1. I am not sure how rarity as you define it is different than “hard to implement”.

      1. Antoine Desbiens

        十月 9, 2014 6:22 下午

        I’m not strictly refering to scripts here, since the asset store is quite large. Although, something being hard to recreate doesn’t mean it has to be a nightmare to implement. What I mean is, ask yourself how many people you think could create what you created. If you believe alot of programmers could, then you probably shouldn’t bother with it. The common practice nowadays is to base the product on what the current demand is, and not to push a product and hope there’s a demand for it. Knowing that, say you want to release X, but X is relatively easy to create for a knowledgeable programmer, you should expect the market to be flooded with X’s, and thus, you should expect X to be of lower value. Now, say X is hard to recreate, X requires a certain expertise. You can expect a lower number of competitors, and you can expect its market value to go up. This is what I mean by rarity.

        While, by hard to implement, I am refering to the documentation and after-purchase support provided to your customers to ensure positive ratings. Of course, some assets may be harder to implement due to their nature/complexity. Therefore, your level of documentation shouldn’t be universal but proportional to your asset’s complexity.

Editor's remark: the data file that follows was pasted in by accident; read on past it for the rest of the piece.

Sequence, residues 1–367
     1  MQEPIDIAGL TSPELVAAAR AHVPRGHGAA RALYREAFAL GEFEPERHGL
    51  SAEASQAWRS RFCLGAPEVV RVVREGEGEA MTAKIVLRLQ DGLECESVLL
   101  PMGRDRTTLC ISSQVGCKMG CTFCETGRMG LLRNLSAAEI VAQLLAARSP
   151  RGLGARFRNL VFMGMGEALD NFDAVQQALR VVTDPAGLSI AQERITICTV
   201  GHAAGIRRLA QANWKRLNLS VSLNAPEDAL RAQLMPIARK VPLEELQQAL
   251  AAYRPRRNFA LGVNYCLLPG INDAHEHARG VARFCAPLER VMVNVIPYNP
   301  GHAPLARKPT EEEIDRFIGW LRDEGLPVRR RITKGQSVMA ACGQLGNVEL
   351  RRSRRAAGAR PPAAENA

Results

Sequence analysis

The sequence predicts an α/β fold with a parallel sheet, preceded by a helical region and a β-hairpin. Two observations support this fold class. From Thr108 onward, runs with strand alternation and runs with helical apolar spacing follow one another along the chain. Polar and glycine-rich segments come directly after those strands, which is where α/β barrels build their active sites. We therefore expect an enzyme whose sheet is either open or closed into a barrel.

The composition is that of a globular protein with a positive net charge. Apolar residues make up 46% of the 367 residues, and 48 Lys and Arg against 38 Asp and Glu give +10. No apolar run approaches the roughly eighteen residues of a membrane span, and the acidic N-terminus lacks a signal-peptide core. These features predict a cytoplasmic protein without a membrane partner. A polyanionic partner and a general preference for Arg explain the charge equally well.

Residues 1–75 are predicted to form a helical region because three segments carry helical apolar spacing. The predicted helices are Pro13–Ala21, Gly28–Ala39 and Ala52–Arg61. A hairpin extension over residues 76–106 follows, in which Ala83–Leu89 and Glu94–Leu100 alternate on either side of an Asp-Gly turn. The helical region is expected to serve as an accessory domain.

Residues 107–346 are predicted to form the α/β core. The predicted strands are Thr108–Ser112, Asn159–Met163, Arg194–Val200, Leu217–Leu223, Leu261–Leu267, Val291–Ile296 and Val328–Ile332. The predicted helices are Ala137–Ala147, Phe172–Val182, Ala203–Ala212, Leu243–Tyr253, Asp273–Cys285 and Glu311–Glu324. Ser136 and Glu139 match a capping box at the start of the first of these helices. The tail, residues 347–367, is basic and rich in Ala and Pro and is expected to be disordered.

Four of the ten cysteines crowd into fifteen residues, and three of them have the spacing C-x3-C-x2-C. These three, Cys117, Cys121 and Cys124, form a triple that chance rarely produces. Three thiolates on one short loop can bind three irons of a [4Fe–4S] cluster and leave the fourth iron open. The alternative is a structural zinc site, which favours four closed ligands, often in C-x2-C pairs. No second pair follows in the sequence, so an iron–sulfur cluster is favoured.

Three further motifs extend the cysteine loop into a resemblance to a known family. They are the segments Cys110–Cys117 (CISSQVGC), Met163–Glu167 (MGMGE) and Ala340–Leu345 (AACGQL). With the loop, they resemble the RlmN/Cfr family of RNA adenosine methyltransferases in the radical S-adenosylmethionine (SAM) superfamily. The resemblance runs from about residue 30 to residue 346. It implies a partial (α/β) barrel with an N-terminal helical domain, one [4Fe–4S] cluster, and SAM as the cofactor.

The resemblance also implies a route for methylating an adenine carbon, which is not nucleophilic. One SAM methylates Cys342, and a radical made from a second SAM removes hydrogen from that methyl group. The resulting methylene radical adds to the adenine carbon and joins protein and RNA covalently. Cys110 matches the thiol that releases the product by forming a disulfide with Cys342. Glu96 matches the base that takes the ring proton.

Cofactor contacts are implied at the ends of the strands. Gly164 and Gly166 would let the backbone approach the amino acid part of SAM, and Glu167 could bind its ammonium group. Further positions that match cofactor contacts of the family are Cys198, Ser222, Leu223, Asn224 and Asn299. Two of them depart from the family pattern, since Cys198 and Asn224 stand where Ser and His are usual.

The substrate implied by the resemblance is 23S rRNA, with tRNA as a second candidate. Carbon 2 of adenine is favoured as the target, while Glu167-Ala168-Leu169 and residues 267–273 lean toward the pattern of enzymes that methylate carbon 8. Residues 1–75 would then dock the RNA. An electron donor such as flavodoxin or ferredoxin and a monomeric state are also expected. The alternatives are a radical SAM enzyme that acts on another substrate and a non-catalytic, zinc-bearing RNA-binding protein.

I hope this makes more sense.

  5. @LIOR TAL As a personal anecdote:I tried to sell one “cool bit of code” that I use basically everywhere. It sold all of 2 copies at 5 bucks apiece. Maybe it’s not that useful, or maybe I need to market it aggressively.

  6. As developers, we all have some cool bits and pieces of useful code that we probably use in every single project we work on.

    i wonder whether sharing those on the asset store could provide some revenue (or ANY revenue at all?), or only bigger scope assets, such as the “engine” described in this post may have a shot at making some $$

    1. It’s difficult to get much attention for those ‘bits and pieces’ – people tend not to look for them in the same way that they go looking for ‘big’ assets.

      That might actually be an interesting post for Kristyna to make, actually – the best ‘little’ utilities and code chunks (“Unity power-toys?”), for $5-$10 apiece, that people maybe don’t need for their projects (i.e. wouldn’t think ‘hmm, I need an asset that does X, I’ll go look in the store’) but would still find useful. Like my own Scene View Bookmarks, ahem. :)

      1. Kristyna Paskova

        十月 13, 2014 9:31 上午

        Haha, subtle. Not a bad idea for a category post though. Would you have any other suggestions than Scene View Bookmarks by any chance?

        1. Hmm… well, Lightmapping Extended is one. Also Immediate Window

          It’s difficult to think of others because the whole idea is that these are things you don’t realise you need until you see them… I tend not to use much Asset Store stuff myself.

          Maybe things like Scene Saver or Notes? I’ve not used either but they look like the sort of thing that stand to be useful to everyone, regardless of platform or discipline.